Trump District judge James Hendrix issued a preliminary injunction that blocked implementation in Texas of guidance from the Department of Health and Human Services (HHS) on abortion care. The guidance states that all hospitals should provide emergency access to abortion care to all patients who need it pursuant to federal law. As the White House has stated, the court’s decision is “wrong” and “women may die as a result.” The August 2022 decision was in Texas v Becerra.
What led to Trump judge Hendrix’s injunction?
As part of its efforts to counteract the Supreme Court’s Dobbs decision overturning Roe v Wade, the Biden Administration issued guidance in July concerning access to abortion care as part of emergency care. In 1986, Congress enacted the Emergency Medical Treatment and Active Labor Act (EMTALA). The law requires that all hospitals that accept Medicare must provide appropriate treatment to patients who are in labor and in emergency situations.
The July guidance makes clear that this treatment includes abortion care when appropriate, even when state law prohibits abortions. The American College of Emergency Physicians praised the guidance as a “welcome step” to help doctors and patients.
Texas, however, almost immediately challenged the guidance, claiming that it improperly conflicted with state law banning abortions. Trump judge Hendrix decided the case and strongly supported the state’s position. In a preliminary injunction in August, he blocked the application of the guidance to any hospital or doctor in Texas. He claimed that the guidance goes “well beyond” EMTALA and cannot preempt state law that effectively bans the provision of abortion care, even in emergency situations.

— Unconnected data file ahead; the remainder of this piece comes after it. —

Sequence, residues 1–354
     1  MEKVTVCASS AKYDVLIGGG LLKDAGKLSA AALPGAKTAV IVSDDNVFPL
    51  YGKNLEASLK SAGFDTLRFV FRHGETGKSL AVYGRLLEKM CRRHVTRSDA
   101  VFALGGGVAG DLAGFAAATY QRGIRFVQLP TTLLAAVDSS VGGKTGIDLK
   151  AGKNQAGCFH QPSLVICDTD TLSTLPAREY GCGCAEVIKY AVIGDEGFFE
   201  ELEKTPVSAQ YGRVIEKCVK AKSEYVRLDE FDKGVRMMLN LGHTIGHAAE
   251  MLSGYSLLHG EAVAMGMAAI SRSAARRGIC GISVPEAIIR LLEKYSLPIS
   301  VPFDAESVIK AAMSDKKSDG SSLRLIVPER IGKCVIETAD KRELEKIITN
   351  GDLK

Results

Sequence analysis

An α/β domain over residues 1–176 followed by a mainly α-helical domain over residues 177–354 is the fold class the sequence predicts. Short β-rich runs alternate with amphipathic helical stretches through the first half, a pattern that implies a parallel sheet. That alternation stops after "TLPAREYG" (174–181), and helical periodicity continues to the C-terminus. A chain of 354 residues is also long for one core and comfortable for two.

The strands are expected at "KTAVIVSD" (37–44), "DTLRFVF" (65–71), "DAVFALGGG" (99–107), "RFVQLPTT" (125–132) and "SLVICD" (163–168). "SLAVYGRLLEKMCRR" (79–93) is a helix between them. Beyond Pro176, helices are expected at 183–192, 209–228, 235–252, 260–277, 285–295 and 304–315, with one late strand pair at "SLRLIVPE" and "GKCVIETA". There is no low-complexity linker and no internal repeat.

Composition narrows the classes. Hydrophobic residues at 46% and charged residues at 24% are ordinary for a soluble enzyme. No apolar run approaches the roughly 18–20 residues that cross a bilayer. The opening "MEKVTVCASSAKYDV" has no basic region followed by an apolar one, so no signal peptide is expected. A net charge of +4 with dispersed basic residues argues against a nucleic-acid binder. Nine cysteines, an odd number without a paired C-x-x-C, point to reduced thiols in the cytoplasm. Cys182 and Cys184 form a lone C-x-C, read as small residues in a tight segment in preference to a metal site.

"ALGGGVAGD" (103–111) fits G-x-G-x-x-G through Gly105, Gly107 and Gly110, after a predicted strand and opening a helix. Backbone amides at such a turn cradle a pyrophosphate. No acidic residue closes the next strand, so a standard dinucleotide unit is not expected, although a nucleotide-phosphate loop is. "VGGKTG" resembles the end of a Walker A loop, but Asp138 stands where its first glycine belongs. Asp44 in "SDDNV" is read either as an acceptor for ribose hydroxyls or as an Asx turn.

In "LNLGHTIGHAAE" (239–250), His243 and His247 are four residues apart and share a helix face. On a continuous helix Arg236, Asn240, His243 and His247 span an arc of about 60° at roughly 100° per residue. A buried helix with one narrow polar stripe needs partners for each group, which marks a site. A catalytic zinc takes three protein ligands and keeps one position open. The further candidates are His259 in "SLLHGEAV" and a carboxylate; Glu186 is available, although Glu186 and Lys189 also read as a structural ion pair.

What is the significance of Trump judge Hendrix’s decision and the contradictory ruling in Idaho?
A White House statement quickly made clear the harmful impact of Hendrix’s ruling. The decision allows Texas, the White House explained, to “block medical providers from providing life-saving and health-preserving care.” This applies even to conditions like “severe hemorrhaging or life-threatening hypertension.” In short, the White House concluded, the ruling is “wrong, it’s backwards, and women may die as a result.”
Literally the day after Hendrix’s order, a different federal judge reached the opposite conclusion in another case. Judge B. Lynn Winmill ruled that EMTALA does require hospitals to provide emergency abortion care and that the federal law pre-empts state anti-abortion law. As a result, he issued a preliminary injunction that stops Idaho from enforcing a part of its restrictive abortion law that prohibits emergency abortion care when the mother’s health, but not life, is at stake. Judge Winmill, who was nominated by President Clinton, explained that part of Idaho’s “criminal abortion statute conflicts with a small but important corner of federal legislation.”
As a consequence of the Texas or Idaho case, or both, appeals courts and likely the Supreme Court will be asked to address the issue. In “the coming weeks,” the high Court may well be “asked again to weigh in on abortion” and this time “address how federal standards for emergency care interact with state abortion bans.” The health and lives of countless people may be at stake. This reinforces the need for Congress to act on abortion care and for voters to elect members of Congress who will do so in November.